"Hey yourself," said Jem pleasantly.
"I'm Charles Baker Harris," he said. "I can read."
"Lord what a name."
" 's not any funnier'n yours. Aunt Rachel says your name's Jeremy Atticus Finch."
"Your name's longer'n you are. Bet it's a foot longer."
"Folks call me Dill ," said Dill, struggling under the fence.
In chapter one Jem and Scout meet Dill who soon becomes a very close friend of theirs. Dill comes to stay with his Aunt every summer.
"Our first raid came to pass only because Dill bet Jem The Grey Ghost against two Tom Swifts that Jem wouldn't get any farther than the Radley gate."
"He walked to the corner of the lot, then back again studying the simple terrain as if deciding how best to effect an entry, frowning and scratching his head. Then I sneered at him. Jem threw open the gate and sped to the side of the house, slapped it with his palm and ran back past us, not waiting to see if his foray was successful."
The first summer Dill came to Maycomb became fascinated with the tale of Boo Radley. As an effort to try to make Boo come out he dared Jem to touch the house. When Jem touched the house he did not make Boo come out but the children caught a glimpse of someone moving inside the house.
"I would be starting school in a week. I never looked forward more to anything in my life."
Jem was very excited to start the first grade because she loved to read.
"Miss Caroline caught me writing and told me to tell my father to stop teaching me. "Besides," she said. "We don't write in the first grade, we print. You won't learn to write until you're in the third grade."
On her first day she got in trouble with Miss Caroline, her teacher. After her first day she dreaded going to school again because Miss Caroline told her that Atticus couldn't teach her to read at home anymore. Also she was not permitted to write, she was only allowed to print.
"One afternoon as I raced by, something caught my eye and caught it in such a way that I took a deep breath, a long look around, and went back. Two live oaks stood at the edge of the Radley lot; Two live oaks stood at the edge of the Radley lot; their roots reached out into the side-road and made it bumpy. Something about one of the trees attracted my attention. Some tinfoil was sticking in a knot-hole just above my eye level, winking at me in the afternoon sun."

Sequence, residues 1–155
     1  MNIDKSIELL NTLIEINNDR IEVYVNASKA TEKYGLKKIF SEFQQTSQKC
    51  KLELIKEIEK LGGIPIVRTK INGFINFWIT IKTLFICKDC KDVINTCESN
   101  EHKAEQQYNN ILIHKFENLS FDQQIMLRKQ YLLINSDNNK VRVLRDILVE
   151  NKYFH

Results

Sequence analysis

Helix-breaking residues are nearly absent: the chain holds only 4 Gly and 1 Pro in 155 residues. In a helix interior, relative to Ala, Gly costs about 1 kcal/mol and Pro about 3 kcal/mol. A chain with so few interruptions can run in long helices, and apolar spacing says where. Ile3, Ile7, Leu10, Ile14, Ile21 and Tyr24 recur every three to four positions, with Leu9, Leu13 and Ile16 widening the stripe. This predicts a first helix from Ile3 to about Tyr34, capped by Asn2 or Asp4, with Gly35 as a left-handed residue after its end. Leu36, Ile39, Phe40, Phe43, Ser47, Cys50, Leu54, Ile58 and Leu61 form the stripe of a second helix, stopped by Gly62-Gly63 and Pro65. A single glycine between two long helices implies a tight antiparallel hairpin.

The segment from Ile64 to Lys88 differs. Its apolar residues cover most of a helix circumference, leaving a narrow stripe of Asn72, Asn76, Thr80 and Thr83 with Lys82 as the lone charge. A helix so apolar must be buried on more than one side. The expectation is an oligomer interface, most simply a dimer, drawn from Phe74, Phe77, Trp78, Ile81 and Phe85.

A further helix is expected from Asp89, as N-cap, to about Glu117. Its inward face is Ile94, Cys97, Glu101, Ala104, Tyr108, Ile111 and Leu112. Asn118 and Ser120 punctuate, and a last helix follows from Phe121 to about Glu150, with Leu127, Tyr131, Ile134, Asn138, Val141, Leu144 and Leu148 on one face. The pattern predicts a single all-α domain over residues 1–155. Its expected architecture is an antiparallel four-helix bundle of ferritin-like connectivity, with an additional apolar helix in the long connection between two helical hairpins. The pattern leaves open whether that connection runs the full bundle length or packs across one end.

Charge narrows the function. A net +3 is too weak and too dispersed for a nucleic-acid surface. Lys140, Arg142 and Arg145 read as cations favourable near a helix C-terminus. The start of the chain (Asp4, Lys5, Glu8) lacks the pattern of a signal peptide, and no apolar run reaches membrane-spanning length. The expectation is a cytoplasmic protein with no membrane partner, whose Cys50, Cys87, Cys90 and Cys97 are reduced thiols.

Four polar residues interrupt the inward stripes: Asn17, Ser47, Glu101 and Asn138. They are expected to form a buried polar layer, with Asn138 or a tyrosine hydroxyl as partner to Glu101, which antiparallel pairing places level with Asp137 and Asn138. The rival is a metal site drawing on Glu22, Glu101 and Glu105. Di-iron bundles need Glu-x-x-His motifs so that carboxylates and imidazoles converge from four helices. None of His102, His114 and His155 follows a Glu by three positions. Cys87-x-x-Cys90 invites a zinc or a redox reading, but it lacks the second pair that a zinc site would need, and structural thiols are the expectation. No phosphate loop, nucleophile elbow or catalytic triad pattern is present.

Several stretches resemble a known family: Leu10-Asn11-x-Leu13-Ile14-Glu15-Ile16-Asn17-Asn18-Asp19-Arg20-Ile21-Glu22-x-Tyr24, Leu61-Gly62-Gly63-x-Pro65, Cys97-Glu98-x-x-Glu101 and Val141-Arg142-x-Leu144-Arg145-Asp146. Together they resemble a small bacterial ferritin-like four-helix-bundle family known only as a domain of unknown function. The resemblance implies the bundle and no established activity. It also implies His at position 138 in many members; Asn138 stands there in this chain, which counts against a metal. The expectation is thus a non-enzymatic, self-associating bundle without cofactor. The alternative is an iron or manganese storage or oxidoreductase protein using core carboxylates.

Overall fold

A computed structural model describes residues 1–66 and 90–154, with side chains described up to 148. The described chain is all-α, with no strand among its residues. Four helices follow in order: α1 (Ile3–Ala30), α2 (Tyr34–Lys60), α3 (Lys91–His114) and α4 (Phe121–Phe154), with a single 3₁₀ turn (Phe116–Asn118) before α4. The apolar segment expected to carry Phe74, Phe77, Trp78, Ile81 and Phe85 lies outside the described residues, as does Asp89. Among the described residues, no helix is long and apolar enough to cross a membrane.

One day coming home from school Scout noticed some tin foil in the knot-hole of the tree. When Scout told Jem he yelled at her. Later they find two Indian-head pennies. At first Jem thinks the knot-hole is the hiding place of another child but soon find out it is a place Boo puts gifts for the children.
"At the front door, we saw fire spewing from Miss Maudie's diningroom windows"
Miss Maudie's house burnt down early in the morning. While Jem and Scout were watching the firefighters Boo snuck up on them and wrapped a blanket around Scout.
Atticus was assigned to the Tom Robinson case just before Christmas. He knows the case will be long and hard, but tells Scout not to fight when people talk about her father being a "nigger-lover". He also uses the case to teach Scout and Jem about courage. He believes that courage is sticking things out to the end even if it is hard you think you will fail.
Jem had become sick and tired of all the insults coming from the trial. He takes out his anger on Mrs. Dubose bushes. After the attack he had to read to her every afternoon.
Calpurnia takes Jem and Scout to First Purchase. While they are there they are told that whites should attend a white church and not a black one. Scout didn't understand why because she was raised to treat everyone the same.